hydrogen Hydrogen is the chemical element with the Symbol (chemistry), symbol H and atomic number 1. Hydrogen is the lightest element. At standard temperature and pressure, standard conditions hydrogen is a gas of diatomic molecules having the chemical ...

hydrogen
and
hydroxide Hydroxide is a polyatomic ion, diatomic anion with chemical formula OH−. It consists of an oxygen and hydrogen atom held together by a single covalent bond, and carries a negative electric charge. It is an important but usually Self-ionization ...
salt. The dry solvent can then be distilled or vacuum transferred from the "solvent pot". *Hydrides are important in storage battery technologies such as nickel-metal hydride battery. Various metal hydrides have been examined for use as a means of hydrogen storage for
fuel cell A fuel cell is an electrochemical cell that converts the chemical energy of a fuel (often hydrogen fuel, hydrogen) and an oxidizing agent (often oxygen) into electricity through a pair of redox reactions. Fuel cells are different from most bat ...

fuel cell
-powered electric cars and other purposed aspects of a
hydrogen economy The hydrogen economy is using hydrogen fuel, hydrogen to Low-carbon economy, decarbonize economic sectors which are hard to Electrification, electrify, essentially, the "hard-to-abate" sectors such as cement, steel, long-haul transport etc. In ord ...
. * Hydride complexes are catalysts and catalytic intermediates in a variety of homogeneous and heterogeneous catalytic cycles. Important examples include
hydrogenation Hydrogenation is a chemical reaction A chemical reaction is a process that leads to the IUPAC nomenclature for organic transformations, chemical transformation of one set of chemical substances to another. Classically, chemical reactions e ...

hydrogenation
,
hydroformylation Hydroformylation, also known as oxo synthesis or oxo process, is an industrial process for the production of aldehydes from alkenes. This chemical reaction entails the net addition of a formyl group (CHO) and a hydrogen atom to a carbon-carbon do ...

hydroformylation
,
hydrosilylation Hydrosilylation, also called catalytic hydrosilation, describes the addition of Si-H bonds across unsaturated bonds."Hydrosilylation A Comprehensive Review on Recent Advances" B. Marciniec (ed.), Advances in Silicon Science, Springer Science, 2009 ...

hydrosilylation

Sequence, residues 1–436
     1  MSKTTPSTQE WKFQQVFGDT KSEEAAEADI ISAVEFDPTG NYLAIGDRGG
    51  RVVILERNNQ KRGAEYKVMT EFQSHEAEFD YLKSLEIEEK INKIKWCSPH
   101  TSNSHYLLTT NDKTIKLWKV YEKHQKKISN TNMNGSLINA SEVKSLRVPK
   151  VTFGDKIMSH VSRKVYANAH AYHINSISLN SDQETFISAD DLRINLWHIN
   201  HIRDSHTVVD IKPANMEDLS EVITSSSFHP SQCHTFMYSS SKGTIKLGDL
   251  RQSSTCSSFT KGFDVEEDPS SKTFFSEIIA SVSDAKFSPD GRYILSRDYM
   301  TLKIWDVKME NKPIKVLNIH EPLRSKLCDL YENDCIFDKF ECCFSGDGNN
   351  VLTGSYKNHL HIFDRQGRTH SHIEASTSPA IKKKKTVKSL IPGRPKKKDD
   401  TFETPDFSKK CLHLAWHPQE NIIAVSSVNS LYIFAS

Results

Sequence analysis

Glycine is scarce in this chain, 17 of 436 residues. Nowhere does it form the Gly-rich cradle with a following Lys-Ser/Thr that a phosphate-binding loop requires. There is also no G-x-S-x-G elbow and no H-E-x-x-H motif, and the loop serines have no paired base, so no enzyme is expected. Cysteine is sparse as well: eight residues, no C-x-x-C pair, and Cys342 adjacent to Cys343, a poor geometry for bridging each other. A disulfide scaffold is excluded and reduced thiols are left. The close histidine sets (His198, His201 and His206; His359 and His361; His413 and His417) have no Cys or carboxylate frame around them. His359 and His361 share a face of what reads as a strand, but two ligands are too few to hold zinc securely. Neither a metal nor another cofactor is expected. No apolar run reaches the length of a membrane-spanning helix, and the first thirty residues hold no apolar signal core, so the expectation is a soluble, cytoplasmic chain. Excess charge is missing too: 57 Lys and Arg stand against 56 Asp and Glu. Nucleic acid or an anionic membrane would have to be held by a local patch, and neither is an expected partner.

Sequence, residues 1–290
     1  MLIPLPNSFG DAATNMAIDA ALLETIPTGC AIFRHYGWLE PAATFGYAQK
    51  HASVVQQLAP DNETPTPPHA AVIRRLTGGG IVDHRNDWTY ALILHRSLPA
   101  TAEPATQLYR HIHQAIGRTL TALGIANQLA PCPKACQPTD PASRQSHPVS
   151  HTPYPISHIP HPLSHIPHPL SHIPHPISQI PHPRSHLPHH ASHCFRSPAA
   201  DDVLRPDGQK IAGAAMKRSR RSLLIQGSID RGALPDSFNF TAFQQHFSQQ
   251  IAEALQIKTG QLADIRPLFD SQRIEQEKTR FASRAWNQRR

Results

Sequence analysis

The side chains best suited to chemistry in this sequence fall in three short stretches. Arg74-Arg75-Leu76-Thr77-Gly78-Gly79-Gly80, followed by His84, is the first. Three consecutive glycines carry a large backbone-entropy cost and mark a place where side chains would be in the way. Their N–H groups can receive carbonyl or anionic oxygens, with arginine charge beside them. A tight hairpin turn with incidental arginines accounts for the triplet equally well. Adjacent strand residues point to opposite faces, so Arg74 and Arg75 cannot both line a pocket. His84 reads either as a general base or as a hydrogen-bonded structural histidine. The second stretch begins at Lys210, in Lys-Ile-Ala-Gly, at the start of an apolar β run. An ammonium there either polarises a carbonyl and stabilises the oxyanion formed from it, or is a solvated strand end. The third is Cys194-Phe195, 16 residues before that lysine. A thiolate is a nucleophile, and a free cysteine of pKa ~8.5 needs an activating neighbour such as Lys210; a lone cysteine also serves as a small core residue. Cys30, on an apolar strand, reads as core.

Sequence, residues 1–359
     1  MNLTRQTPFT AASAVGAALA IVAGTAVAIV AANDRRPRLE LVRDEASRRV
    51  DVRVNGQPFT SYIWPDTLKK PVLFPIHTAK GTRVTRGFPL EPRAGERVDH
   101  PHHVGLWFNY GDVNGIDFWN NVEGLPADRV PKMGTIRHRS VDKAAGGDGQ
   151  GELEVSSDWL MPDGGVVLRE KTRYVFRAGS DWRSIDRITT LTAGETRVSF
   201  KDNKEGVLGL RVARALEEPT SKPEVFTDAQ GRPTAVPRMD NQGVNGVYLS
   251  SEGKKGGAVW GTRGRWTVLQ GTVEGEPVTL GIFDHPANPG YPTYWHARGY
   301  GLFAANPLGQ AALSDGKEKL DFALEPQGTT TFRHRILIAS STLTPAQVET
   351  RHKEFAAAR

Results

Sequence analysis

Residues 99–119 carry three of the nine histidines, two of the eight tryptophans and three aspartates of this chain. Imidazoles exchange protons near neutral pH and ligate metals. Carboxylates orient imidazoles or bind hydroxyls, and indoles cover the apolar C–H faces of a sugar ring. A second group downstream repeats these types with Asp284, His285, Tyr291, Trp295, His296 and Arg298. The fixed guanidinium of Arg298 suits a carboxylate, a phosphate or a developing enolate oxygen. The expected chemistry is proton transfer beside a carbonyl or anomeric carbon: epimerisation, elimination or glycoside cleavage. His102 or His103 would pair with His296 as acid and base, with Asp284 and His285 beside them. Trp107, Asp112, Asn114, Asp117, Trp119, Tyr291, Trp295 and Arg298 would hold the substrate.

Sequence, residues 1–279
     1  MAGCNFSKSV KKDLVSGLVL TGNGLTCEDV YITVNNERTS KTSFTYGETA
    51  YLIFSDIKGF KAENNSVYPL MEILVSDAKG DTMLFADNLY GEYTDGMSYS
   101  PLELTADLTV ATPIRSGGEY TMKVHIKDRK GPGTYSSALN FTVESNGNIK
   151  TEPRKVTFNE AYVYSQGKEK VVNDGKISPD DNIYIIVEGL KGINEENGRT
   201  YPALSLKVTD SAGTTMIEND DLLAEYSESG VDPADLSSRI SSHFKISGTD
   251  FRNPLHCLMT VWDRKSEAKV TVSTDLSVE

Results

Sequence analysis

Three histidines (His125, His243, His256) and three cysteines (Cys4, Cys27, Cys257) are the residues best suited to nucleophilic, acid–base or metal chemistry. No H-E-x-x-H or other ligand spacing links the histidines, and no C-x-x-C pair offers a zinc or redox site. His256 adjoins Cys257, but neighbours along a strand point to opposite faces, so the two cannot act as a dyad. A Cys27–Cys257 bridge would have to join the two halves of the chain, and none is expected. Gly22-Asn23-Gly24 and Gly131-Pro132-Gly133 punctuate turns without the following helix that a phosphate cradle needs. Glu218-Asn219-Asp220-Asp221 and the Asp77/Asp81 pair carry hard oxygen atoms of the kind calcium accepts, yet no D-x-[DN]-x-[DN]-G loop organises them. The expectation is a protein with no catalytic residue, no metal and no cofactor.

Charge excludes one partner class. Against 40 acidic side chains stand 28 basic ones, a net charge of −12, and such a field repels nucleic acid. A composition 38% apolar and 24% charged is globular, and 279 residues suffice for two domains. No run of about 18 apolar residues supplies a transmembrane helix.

,
hydrodesulfurization Hydrodesulfurization (HDS) is a catalytic chemical process widely used to desulfurization, remove sulfur (S) from natural gas and from oil refinery, refined petroleum products, such as gasoline, gasoline or petrol, jet fuel, kerosene, diesel fue ...
catalysts. Even certain enzymes, the
hydrogenase A hydrogenase is an enzyme Enzymes () are proteins that act as biological catalysts by accelerating chemical reactions. The molecules upon which enzymes may act are called substrate (chemistry), substrates, and the enzyme converts the substra ...
, operate via hydride intermediates. The energy carrier
nicotinamide adenine dinucleotide Nicotinamide adenine dinucleotide (NAD) is a Cofactor (biochemistry), coenzyme central to metabolism. Found in all living cell (biology), cells, NAD is called a dinucleotide because it consists of two nucleotides joined through their phosphat ...
reacts as a hydride donor or hydride equivalent.


Hydride ion

Free hydride anions exist only under extreme conditions and are not invoked for homogeneous solution. Instead, many compounds have hydrogen centres with hydridic character. Aside from
electride An electride is an ionic compound in which an electron is the anion. Solutions of alkali metals in ammonia are electride salts. In the case of sodium, these blue solutions consist of a(NH3)6sup>+ and solvated electrons: :Na + 6 NH3 → ...
, the hydride ion is the simplest possible
anion An ion () is an atom or molecule with a net electric charge, electrical charge. The charge of an electron is considered to be negative by convention and this charge is equal and opposite to the charge of a proton, which is considered to be po ...
, consisting of two
electron The electron ( or ) is a subatomic particle with a negative one elementary charge, elementary electric charge. Electrons belong to the first generation (particle physics), generation of the lepton particle family, and are generally thought t ...

electron
s and a
proton A proton is a stable subatomic particle, symbol , H+, or 1H+ with a positive electric charge of +1 ''e'' elementary charge. Its mass is slightly less than that of a neutron and 1,836 times the mass of an electron (the proton–electron mass ...

proton
. Hydrogen has a relatively low